|Appears in Collections:||Economics Journal Articles|
|Peer Review Status:||Refereed|
|Title:||Money, Well-Being, and Loss Aversion: Does an Income Loss Have a Greater Effect on Well-Being Than an Equivalent Income Gain?|
|Author(s):||Boyce, Christopher J|
Wood, Alex M
Clark, Andrew E
Brown, Gordon D A
|Citation:||Boyce CJ, Wood AM, Banks J, Clark AE & Brown GDA (2013) Money, Well-Being, and Loss Aversion: Does an Income Loss Have a Greater Effect on Well-Being Than an Equivalent Income Gain?, Psychological Science, 24 (12), pp. 2557-2562.|
|Abstract:||Higher income is associated with greater well-being, but do income gains and losses affect well-being differently? Loss aversion, whereby losses loom larger than gains, is typically examined in relation to decisions about anticipated outcomes. Here, using subjective-well-being data from Germany (N = 28,723) and the United Kingdom (N = 20,570), we found that losses in income have a larger effect on well-being than equivalent income gains and that this effect is not explained by diminishing marginal benefits of income to well-being. Our findings show that loss aversion applies to experienced losses, challenging suggestions that loss aversion is only an affective-forecasting error. By failing to account for loss aversion, longitudinal studies of the relationship between income and well-being may have overestimated the positive effect of income on well-being. Moreover, societal well-being might best be served by small and stable income increases, even if such stability impairs long-term income growth.|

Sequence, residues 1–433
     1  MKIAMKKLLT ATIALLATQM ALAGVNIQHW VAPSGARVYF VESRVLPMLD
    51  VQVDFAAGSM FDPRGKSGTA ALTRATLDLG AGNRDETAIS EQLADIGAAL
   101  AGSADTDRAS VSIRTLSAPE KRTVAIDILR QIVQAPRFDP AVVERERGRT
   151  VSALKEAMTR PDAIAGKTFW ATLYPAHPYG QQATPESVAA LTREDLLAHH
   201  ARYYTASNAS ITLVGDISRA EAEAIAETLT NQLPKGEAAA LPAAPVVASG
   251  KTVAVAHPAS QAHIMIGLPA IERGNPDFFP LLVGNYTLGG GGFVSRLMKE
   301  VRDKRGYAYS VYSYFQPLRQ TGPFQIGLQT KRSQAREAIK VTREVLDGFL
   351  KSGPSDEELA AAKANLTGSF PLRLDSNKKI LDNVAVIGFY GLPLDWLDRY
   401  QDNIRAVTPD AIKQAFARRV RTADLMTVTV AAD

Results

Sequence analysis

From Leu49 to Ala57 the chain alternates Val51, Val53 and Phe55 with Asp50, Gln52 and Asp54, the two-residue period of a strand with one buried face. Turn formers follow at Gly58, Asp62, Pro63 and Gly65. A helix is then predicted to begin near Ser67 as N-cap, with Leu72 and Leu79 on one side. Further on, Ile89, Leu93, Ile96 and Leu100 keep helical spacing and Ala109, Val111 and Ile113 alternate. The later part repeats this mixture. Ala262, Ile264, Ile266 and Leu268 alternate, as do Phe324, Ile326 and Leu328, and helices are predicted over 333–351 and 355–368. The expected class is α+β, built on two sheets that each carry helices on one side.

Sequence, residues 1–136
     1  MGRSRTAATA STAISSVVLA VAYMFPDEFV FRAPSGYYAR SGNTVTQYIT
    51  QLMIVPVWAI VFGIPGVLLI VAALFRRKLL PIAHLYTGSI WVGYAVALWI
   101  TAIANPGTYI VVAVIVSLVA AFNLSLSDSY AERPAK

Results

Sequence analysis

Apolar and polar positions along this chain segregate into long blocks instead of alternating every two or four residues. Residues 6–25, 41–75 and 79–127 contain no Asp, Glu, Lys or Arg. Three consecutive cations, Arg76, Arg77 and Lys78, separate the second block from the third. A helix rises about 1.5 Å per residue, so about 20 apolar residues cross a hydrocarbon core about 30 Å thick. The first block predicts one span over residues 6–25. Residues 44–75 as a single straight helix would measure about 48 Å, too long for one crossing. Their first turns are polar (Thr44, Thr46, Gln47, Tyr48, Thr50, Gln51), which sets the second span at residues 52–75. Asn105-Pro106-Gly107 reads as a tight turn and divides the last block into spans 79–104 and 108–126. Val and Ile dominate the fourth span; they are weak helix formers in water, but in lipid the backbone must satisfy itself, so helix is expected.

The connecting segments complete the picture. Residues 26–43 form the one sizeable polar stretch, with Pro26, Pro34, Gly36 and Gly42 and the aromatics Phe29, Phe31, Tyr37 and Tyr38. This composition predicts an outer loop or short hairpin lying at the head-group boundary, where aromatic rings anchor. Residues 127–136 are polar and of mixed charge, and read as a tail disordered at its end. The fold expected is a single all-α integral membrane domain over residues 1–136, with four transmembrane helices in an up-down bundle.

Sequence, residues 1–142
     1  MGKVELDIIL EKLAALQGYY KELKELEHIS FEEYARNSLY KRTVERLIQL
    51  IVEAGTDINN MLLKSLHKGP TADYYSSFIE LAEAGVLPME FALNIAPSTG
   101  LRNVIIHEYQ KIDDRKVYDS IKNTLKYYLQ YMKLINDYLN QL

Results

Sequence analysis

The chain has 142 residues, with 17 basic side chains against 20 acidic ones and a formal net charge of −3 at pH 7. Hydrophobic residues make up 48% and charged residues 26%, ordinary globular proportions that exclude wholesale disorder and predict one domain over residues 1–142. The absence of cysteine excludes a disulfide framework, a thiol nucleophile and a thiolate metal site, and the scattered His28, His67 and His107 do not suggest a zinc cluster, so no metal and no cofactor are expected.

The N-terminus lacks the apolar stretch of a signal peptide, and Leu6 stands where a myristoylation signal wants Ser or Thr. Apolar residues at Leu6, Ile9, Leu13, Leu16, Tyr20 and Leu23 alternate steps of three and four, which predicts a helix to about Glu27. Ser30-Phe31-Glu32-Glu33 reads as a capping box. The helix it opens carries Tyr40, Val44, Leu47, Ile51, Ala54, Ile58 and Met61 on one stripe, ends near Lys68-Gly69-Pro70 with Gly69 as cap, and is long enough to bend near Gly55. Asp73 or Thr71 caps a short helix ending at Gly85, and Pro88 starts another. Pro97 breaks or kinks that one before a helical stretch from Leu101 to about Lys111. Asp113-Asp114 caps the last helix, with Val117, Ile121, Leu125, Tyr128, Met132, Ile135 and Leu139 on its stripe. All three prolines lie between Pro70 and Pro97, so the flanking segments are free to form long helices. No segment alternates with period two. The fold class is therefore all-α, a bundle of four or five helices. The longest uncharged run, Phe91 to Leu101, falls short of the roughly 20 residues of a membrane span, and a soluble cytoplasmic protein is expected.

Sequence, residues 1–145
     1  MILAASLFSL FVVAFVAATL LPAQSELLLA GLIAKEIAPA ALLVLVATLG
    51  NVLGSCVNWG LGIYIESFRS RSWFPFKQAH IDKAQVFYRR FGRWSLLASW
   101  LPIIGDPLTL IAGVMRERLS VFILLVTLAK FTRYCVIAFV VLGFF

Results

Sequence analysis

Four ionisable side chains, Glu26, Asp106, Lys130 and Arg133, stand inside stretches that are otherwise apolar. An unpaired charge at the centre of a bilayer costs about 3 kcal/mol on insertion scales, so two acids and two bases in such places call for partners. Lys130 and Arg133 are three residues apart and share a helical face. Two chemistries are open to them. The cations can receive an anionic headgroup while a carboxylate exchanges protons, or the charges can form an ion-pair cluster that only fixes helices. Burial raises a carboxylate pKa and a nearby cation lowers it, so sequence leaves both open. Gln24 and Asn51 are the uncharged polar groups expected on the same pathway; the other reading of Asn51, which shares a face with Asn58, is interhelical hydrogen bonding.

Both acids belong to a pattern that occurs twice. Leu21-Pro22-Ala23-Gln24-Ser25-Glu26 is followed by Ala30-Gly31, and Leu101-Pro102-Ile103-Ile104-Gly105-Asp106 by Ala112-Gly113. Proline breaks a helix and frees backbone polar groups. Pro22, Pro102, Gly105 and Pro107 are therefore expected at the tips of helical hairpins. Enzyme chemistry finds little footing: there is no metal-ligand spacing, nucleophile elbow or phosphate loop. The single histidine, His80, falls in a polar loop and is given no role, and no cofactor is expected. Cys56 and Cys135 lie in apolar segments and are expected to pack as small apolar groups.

|Rights:||Publisher policy allows this work to be made available in this repository. Published in Psychological Science December 2013 vol. 24 no. 12 2557-2562 by SAGE. The original publication is available at: http://pss.sagepub.com/content/24/12/2557|
|Loss Aversion - Boyce et al. PsychScience_version before review.pdf||591.3 kB||Adobe PDF||View/Open|
This item is protected by original copyright
Items in the Repository are protected by copyright, with all rights reserved, unless otherwise indicated.
If you believe that any material held in STORRE infringes copyright, please contact email@example.com providing details and we will remove the Work from public display in STORRE and investigate your claim.